Many salespeople dread the “no”. Many more move on as quickly as possible when they get a one. Although it’s not the ideal response you want from a buyer, getting a “no” doesn’t mean that the deal is dead. Those that think a “no” is the end are leaving sales on the table. Instead, take “no” as “not now”. They’re not going to buy at this moment, but they may in the future. Shifting your thinking call allow you to shift your focus with the buyer. Rather than focusing your energy on trying to close the deal, instead focus on trying to understand why they’re not buying. Ask them questions to figure out what’s holding them back. This can be very challenging to do without coming off as pushy and someone just trying to close the sale. Here are a couple of ways you can avoid this:
Myth #4 – The Goal of a Salesperson is to Make the Sale No Matter What it Takes
There are many salespeople that believe the goal is to get the sale no matter what. This is a big reason that sales is often looked at negatively. Part of the issue is that for many sales positions compensation is directly tied to sales results and most sales positions are evaluated and rewarded on sales numbers. This is why many salespeople do whatever it takes, and numerous sales trainings teach high pressur and aggressive sales tactics. Although these tactics can work, the best salespeople understand that longer term success in sales comes from creating loyal buyers that keep coming back. You only do this by making the right sales to the right people, not by selling something to someone that they don’t really need or that doesn’t solve a problem for them; this only typically leaves the buyer with buyer’s remorse. And although they may not return the item, if they’re even able to, they’re unlikely to return. In sales, it’s important to think beyond the quick sale and instead try to really understand what will help your buyer. If you do this, you may make fewer sales immediately in that moment, but you will make many more sales over the longer term.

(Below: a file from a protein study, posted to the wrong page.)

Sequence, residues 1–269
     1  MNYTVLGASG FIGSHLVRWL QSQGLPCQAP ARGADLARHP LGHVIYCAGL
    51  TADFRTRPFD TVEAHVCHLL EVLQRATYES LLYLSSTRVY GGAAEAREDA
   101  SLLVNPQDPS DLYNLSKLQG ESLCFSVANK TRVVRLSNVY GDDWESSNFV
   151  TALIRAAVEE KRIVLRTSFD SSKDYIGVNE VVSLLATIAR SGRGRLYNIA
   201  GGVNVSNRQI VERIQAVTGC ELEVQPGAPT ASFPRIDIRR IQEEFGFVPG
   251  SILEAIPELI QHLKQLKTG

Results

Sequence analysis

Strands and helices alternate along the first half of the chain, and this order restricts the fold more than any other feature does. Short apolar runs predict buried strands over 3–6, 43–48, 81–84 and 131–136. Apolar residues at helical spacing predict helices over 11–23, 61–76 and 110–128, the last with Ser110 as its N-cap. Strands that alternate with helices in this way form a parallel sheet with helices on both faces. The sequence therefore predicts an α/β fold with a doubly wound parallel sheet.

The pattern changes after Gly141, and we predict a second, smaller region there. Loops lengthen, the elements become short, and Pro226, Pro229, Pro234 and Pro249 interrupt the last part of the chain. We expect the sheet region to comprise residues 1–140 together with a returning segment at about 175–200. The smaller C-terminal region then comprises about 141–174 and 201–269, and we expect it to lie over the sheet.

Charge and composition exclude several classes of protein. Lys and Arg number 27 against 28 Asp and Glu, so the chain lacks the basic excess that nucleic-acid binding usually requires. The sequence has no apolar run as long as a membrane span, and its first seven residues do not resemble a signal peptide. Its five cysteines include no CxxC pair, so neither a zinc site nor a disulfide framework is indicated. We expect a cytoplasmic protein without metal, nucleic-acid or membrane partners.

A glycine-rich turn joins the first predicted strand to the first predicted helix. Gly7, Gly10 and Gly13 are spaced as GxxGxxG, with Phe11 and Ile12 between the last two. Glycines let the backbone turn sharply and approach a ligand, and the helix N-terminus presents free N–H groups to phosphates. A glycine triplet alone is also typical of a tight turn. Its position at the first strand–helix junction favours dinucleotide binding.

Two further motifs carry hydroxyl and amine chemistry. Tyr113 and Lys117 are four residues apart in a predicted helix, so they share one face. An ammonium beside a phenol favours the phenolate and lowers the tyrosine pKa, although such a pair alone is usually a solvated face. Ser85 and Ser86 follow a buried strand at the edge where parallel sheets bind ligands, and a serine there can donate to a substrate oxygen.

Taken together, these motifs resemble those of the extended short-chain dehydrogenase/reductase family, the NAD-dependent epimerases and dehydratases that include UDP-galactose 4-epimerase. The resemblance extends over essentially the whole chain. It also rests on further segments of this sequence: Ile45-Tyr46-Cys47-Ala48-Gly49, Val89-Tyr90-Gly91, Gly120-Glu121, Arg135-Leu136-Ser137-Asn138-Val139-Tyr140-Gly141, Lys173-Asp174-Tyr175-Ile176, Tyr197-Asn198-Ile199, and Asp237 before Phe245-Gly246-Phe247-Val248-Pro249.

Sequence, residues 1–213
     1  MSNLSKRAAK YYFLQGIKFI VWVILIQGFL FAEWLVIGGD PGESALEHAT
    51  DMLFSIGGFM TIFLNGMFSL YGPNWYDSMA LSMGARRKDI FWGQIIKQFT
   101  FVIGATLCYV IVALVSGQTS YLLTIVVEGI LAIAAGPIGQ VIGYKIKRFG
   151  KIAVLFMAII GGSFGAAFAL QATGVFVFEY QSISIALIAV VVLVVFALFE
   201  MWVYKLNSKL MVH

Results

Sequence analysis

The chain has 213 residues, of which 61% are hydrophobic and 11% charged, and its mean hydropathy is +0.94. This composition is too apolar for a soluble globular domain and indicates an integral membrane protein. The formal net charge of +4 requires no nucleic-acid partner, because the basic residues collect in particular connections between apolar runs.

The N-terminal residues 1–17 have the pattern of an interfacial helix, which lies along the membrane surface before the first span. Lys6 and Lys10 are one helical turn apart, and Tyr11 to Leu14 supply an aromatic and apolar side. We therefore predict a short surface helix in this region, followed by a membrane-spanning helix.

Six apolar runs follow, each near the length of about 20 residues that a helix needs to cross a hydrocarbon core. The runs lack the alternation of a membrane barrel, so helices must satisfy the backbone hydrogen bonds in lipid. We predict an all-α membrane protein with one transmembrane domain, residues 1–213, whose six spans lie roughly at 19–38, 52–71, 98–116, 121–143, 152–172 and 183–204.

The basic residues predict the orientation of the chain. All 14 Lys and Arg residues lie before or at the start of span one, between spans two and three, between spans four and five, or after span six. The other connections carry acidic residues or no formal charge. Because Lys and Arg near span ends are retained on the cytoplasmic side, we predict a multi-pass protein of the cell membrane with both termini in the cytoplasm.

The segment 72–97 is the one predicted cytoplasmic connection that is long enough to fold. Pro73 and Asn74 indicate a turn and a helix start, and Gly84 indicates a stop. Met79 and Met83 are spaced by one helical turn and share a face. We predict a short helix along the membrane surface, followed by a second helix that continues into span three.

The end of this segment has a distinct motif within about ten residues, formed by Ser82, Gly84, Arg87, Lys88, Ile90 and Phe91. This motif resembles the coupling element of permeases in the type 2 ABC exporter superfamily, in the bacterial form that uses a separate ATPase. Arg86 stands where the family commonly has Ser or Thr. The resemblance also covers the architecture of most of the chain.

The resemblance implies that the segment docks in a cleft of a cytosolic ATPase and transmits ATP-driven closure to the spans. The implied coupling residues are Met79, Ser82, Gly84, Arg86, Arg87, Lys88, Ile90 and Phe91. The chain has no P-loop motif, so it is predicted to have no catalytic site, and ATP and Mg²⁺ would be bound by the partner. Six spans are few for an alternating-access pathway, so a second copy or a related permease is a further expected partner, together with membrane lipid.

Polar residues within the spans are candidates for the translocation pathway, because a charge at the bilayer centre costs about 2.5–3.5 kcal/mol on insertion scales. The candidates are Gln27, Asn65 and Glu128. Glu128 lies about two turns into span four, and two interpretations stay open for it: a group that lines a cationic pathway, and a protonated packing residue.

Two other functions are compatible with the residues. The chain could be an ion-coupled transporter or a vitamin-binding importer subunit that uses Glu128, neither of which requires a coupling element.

Myth #5 – People Buy Based on the Product Not the Salesperson
Although the product obviously impacts sales, many sales are made, or not made because of the salesperson. Most people have experienced this with either a good or bad salesperson. You go to a store with the intention of only looking around, but end up speaking to a salesperson and ultimately end up buying something. Or maybe you’ve experienced the opposite; you went to a store with a clear intention of buying something, but after speaking with a salesperson ended up not buying it. Although we may not have made the connection at the time, the salesperson played a significant role in our decision to buy or not buy. Think about salespeople you’ve experienced, good and bad; you probably bought from those that were ‘good’ and didn’t from those that were ‘bad’. So what makes a salesperson ‘good’ or ‘bad’? It all comes down to like and trust. People buy from people they like and people they trust. If they like you and trust you, they’ll probably buy; if they don’t like you or don’t trust you, they probably won’t. More times than not, it’s not the product that led to the sale or non-sale, it’s the buyer’s like and trust of you. So, if you want to make more sales, it’s important to know how to get a buyer to like and trust you.
Building Like & Trust
If you want people to buy from you, the most important skill to learn is how to get people to like you and trust you. So how do you build like and trust when you have very limited time to do so in a selling situation?